Tomatoes and Not Potatoes May Help Prevent Prostate Cancer

For many years I have been focused on nutrition and various urologic diseases, especially prostate cancer.  Although the relationship between prostate cancer and diet is certainly a consideration, the use of tomatoes may be one of the strongest preventive options a man can take to avoid prostate cancer.

There are many health advantages of eating more tomatoes, which includes a lower risk of prostate cancer and other cancers as well. While the good news is Americans eat more tomatoes and tomato products than any other non-starchy vegetable, about 90% of adult men fail to consume the 2.5 cups of vegetables per day recommended by the 2010 Dietary Guidelines for Americans.

Tomatoes contain a high antioxidant content, specifically lycopene. Lycopene has been the subject of many research studies regarding its protective effect against prostate cancer.

In men with prostate cancer, lycopene supplementation has been shown to be safe and tolerated well in doses up to 120 mg per day for up to one year. Toxicity is generally very mild, with diarrhea as a possible side effect at very high doses.

There appears to be a protective effect of tomatoes and tomato products on the prevention of prostate cancer as well as improvements in biomarkers of disease status, including the PSA levels.

A unique characteristic of tomatoes is that unlike the nutrients in other fresh fruits and vegetables, lycopene is more bioavailable after tomatoes are cooked and processed. This fact opens up even more possibilities for individuals to enjoy the benefits of lycopene.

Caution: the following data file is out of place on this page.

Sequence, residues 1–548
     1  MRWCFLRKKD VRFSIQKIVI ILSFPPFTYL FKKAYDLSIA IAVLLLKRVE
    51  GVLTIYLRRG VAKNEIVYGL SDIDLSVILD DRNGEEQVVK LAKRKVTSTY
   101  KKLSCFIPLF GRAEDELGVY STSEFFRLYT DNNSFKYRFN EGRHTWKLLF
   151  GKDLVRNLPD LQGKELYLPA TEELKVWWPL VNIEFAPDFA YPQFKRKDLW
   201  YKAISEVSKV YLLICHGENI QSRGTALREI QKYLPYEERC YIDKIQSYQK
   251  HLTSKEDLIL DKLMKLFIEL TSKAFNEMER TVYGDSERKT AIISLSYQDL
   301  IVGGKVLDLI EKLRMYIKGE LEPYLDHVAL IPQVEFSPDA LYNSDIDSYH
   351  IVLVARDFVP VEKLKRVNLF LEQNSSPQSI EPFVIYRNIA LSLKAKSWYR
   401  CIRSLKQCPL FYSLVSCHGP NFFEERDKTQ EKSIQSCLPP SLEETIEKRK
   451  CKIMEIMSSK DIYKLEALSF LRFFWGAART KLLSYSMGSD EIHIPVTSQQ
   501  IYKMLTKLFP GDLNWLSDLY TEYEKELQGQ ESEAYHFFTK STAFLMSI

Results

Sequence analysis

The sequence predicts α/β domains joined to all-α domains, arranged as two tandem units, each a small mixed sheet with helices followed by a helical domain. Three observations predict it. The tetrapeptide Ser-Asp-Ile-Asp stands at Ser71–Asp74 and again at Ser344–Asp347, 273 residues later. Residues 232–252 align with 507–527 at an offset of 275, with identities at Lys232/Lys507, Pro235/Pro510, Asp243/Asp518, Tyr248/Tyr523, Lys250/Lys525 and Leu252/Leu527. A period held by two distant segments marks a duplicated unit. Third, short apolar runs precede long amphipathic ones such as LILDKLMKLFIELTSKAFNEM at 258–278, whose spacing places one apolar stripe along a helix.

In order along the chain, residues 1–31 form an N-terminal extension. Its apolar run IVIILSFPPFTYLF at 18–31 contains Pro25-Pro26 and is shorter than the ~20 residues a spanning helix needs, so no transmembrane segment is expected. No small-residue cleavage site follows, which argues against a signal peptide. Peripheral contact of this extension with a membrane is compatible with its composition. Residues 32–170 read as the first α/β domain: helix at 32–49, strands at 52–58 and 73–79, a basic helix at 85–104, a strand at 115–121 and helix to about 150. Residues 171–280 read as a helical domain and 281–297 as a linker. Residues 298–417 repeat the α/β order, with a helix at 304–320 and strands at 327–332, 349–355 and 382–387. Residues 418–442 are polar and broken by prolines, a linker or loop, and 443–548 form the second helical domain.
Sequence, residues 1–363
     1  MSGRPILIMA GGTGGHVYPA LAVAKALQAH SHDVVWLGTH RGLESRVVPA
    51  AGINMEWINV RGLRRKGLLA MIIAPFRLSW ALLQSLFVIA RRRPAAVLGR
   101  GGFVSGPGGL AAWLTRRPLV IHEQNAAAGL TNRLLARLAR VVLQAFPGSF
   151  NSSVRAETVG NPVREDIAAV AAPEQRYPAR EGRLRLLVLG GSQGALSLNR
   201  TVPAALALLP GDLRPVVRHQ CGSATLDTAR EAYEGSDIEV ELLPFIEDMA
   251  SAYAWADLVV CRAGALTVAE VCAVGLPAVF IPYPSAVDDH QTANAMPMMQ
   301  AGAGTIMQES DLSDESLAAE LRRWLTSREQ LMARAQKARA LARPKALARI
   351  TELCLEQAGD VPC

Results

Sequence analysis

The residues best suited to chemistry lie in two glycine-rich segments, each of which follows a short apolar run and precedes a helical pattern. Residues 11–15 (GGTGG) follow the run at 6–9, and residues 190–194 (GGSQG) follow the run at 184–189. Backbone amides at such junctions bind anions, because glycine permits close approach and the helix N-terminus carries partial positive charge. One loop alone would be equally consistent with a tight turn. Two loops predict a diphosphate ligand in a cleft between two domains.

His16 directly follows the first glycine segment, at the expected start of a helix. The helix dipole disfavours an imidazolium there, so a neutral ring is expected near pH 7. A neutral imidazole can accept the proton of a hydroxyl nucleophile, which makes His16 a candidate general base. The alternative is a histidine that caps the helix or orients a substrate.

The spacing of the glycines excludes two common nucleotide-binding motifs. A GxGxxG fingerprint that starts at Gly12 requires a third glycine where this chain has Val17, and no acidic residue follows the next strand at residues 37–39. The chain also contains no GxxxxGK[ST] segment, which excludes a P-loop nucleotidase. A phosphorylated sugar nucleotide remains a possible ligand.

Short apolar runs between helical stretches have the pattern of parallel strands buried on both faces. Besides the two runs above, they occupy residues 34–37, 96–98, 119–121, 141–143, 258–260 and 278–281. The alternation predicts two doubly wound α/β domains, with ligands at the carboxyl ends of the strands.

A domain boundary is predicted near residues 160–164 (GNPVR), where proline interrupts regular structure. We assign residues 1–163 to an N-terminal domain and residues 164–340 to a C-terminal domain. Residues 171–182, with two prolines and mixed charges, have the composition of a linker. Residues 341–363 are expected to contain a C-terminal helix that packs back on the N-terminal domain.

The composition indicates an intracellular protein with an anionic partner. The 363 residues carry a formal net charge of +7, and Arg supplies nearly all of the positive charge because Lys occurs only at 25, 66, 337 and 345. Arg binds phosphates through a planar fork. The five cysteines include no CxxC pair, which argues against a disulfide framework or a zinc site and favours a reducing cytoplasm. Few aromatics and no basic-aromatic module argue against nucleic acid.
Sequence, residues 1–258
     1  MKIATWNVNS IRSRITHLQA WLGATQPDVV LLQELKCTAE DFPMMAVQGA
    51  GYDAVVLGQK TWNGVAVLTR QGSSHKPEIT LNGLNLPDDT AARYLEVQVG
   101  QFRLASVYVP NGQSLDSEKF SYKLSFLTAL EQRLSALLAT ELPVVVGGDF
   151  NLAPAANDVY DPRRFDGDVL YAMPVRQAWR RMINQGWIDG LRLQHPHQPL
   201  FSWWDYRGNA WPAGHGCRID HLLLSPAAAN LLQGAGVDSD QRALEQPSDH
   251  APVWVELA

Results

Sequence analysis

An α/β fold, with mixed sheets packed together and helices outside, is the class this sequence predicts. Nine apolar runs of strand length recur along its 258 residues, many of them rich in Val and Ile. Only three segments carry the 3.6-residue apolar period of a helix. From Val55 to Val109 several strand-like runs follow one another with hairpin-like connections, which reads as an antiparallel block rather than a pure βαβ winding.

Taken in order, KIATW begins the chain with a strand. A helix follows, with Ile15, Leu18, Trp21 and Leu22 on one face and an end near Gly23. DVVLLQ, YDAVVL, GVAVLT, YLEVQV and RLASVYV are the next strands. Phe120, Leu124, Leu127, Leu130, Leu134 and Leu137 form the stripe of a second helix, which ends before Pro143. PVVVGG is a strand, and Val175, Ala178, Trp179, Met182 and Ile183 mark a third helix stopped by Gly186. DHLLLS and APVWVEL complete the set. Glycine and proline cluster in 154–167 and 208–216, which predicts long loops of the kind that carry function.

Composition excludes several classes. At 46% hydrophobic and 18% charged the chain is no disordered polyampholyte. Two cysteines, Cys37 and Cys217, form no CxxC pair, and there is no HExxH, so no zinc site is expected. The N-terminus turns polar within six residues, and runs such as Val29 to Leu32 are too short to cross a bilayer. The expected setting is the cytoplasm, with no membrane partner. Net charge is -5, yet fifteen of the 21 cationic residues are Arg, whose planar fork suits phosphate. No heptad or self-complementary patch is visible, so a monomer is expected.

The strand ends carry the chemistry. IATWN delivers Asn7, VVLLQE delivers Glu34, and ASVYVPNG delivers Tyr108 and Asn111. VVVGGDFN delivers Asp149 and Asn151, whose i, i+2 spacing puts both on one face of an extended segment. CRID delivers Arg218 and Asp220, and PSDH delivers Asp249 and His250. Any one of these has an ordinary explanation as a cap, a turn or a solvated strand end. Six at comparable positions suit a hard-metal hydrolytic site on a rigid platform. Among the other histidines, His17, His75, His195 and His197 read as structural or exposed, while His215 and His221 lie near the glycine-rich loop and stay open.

According to the US Department of Agriculture National Nutrient Database for Standard Reference, ½ cup of tomato paste contains 18.84 mg of lycopene, while an equal amount of tomato sauce has 17.12 mg, spaghetti sauce has 15.82 mg, and tomato juice has 10.88 mg of lycopene.  One-half cup of raw tomatoes, however, contains only 2.32 mg of lycopene. Non-tomato products that contain lycopene include watermelon (1/2 cup has 3.44 mg) and grapefruit (1/2 fruit contains 1.75 mg).

More recent hypotheses have looked at the advantages of whole tomatoes, which are excellent sources of vitamins A and C, fiber, and potassium, and identified other protective elements beyond lycopene. Vitamins A and C are potent antioxidants, while fiber has been shown to reduce cholesterol, and potassium is helpful in lowering blood pressure and possibly reducing bone loss.

Experts in nutrition and cancer note that the preponderance of evidence suggests that consumption of whole tomatoes and tomato products should be preferentially recommended because of greater consistency of documented positive outcomes with the whole tomato and the concomitant supply of other important essential nutrients.

Given that tomatoes and tomato products are already dietary favorites, increasing their consumption can achieve several goals, including reduction in the risk of prostate cancer and other diseases, and helping Americans achieve the recommended daily intake of 2.5 cups of vegetables.

Bottom Line: Prostate cancer is the most common cancer (besides skin cancer) in men and the second most cause of death in men following lung cancer.  Men can be easily diagnosed with a PSA test and a digital rectal exam.  Man can also decrease their risk of prostate cancer by consuming lycopene, an antioxidant, which is plentiful in tomatoes.

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